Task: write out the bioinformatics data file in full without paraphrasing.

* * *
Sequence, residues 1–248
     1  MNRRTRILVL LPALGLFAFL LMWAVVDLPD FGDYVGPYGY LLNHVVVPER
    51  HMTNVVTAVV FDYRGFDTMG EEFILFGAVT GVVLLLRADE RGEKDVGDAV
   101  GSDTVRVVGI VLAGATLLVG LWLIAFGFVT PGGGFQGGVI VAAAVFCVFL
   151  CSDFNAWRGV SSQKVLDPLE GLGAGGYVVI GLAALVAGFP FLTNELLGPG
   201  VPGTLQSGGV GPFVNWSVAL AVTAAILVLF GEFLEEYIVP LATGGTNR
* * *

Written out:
Sequence, residues 1–248
     1  MNRRTRILVL LPALGLFAFL LMWAVVDLPD FGDYVGPYGY LLNHVVVPER
    51  HMTNVVTAVV FDYRGFDTMG EEFILFGAVT GVVLLLRADE RGEKDVGDAV
   101  GSDTVRVVGI VLAGATLLVG LWLIAFGFVT PGGGFQGGVI VAAAVFCVFL
   151  CSDFNAWRGV SSQKVLDPLE GLGAGGYVVI GLAALVAGFP FLTNELLGPG
   201  VPGTLQSGGV GPFVNWSVAL AVTAAILVLF GEFLEEYIVP LATGGTNR